United States District Court, W.D. Washington, Seattle
ORDER DENYING DEFENDANT'S MOTION FOR NEW TRIAL
AND DENYING GOVERNMENT'S MOTION
RICARDO S. MARTINEZ CHIEF UNITED STATES DISTRICT JUDGE
matter is before the Court on Defendant Johnny Javier
Morel-Pineda's Motion for New Trial. Dkt. #68. Following
a jury trial, Defendant was convicted of one count of
distribution of methamphetamine under 21 U.S.C. §
841(a)(1) and § 841(b)(1)(B). Dkts. #15, #58, and #59.
Defendant maintains that he was denied a fair trial because a
government witness possibly attempted to contact him before
trial-a fact learned during trial and fully disclosed to the
jury- to “bribe” Defendant. Defendant argues that
this misconduct tainted the trial and that the interest of
justice requires a new trial to avoid “a serious
miscarriage of justice.” Dkt. #68 at 1, 6. This conduct
also served as the basis for several unsuccessful defense
motions during trial, including a half-time motion to
dismiss. Finding that Defendant's trial was fundamentally
fair, and for the following reasons, many of which were
similarly noted by the Court during trial, the Court denies
criminal charge arose from a sale of methamphetamine to Mr.
Anthony “Tony” Meyers who was working as a
confidential source for law enforcement. Mr. Meyers, who was
known to Defendant, contacted Defendant and they agreed on a
location, amount of methamphetamine, and price for the sale.
Law enforcement surveilled the transaction from a
distance-though constant visual contact was not
maintained-and observed Defendant return to his apartment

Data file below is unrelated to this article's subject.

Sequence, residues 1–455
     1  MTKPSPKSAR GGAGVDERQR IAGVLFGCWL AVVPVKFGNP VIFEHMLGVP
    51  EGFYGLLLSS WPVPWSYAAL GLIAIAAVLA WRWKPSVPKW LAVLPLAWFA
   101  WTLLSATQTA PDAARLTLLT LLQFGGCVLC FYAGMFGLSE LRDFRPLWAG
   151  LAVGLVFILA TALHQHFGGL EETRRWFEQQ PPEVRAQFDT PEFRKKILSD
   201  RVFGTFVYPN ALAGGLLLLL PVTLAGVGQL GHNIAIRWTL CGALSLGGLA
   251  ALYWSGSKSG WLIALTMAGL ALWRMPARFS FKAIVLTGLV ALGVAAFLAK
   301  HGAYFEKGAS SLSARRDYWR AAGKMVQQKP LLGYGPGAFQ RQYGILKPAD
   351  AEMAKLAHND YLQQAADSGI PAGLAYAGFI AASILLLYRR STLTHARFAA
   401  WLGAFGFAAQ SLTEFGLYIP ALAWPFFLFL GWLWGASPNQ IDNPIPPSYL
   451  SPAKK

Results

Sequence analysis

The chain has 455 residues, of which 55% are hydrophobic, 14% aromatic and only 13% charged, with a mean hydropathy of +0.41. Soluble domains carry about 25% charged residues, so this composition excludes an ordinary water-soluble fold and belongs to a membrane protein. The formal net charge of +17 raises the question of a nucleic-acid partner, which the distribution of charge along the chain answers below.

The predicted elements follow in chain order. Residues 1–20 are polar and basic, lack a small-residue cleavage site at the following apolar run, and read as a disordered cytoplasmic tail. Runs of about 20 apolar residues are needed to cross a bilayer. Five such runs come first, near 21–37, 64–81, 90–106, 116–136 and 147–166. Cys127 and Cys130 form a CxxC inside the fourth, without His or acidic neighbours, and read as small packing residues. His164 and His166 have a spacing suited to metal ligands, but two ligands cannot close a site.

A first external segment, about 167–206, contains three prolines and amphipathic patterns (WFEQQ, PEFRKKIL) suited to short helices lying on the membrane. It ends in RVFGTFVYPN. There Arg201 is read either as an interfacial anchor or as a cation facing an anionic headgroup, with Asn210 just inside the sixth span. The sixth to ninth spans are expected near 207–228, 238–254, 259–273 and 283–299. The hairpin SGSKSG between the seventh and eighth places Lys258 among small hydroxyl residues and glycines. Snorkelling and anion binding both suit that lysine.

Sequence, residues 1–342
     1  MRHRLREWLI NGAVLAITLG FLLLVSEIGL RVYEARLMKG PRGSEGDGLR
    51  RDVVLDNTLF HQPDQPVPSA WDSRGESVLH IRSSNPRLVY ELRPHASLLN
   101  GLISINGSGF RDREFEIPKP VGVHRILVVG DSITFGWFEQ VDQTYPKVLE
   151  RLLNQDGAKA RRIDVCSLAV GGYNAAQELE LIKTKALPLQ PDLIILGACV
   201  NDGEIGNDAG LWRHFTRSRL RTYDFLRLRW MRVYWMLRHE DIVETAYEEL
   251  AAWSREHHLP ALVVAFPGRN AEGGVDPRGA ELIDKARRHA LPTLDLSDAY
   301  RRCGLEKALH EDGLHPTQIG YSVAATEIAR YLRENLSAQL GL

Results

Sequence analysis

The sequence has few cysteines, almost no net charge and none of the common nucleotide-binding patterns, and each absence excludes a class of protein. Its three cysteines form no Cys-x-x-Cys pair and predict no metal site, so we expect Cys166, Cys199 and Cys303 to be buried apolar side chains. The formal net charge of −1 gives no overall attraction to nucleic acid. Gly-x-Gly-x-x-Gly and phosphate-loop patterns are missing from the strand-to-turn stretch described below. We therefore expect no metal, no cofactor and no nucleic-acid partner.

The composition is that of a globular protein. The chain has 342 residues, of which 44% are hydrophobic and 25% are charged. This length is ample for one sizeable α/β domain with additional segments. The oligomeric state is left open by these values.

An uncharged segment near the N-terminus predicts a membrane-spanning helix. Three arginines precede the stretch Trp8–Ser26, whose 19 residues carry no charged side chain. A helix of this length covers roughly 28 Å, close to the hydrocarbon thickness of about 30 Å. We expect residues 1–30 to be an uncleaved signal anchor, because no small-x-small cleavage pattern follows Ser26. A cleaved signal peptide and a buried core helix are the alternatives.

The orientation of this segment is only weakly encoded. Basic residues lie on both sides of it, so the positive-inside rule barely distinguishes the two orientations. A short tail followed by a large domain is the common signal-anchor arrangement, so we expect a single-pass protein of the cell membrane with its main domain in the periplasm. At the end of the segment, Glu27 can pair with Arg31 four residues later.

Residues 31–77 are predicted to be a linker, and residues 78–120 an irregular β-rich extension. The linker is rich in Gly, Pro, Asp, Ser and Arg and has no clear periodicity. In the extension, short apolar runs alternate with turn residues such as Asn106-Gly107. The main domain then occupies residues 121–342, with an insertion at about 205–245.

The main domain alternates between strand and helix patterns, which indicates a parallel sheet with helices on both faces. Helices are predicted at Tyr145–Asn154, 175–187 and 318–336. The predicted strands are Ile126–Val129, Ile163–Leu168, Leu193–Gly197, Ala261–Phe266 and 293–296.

following the transaction. Mr. Meyers wore a device that
recorded the transaction and allowed law enforcement to
listen in real time. Consistent with the recording, Mr.
Meyers provided law enforcement with the purchased
methamphetamine following the transaction.
pertinent to this Motion, Defendant notified his counsel
after the first day of trial that he had received
communications prior to trial which may have been from Mr.
Meyers-who was to testify. Further investigation revealed
that on May 16, 2019, the Saturday before trial, Defendant
received two messages on Facebook Messenger from an account
named “Tony Debbie Meyers.” The first, received
at 12:42 p.m. was: “Do you want to win your trial? If
you do, I will meet you at McDonald's to talk.”
Dkt. #63-4 (Trial Exhibit A-37). The second, received sixteen
minutes later, indicated: “This is Tony txt me on
messenger.” Id. Additionally, Defendant
provided evidence of a comment from the “Tony Debbie
Meyers” account, at an unspecified time, on Facebook
indicating: “Jonny if you want to win your trial meet
me at McDonald's and we can talk. It's Tony.”
Dkt. #63-5 (Trial Exhibit A-38).
counsel notified the government, and the government
investigated the matter, ultimately sending a communication
to defense counsel indicating: “Yes, we were able to
determine from investigation that Tony's wife, Debbie
(who shares access to the account), sent the message without
Tony's prior knowledge.” Dkt. #54-1. Defendant
brought the matter to the Court's attention, seeking an
evidentiary hearing into the circumstances of the messages.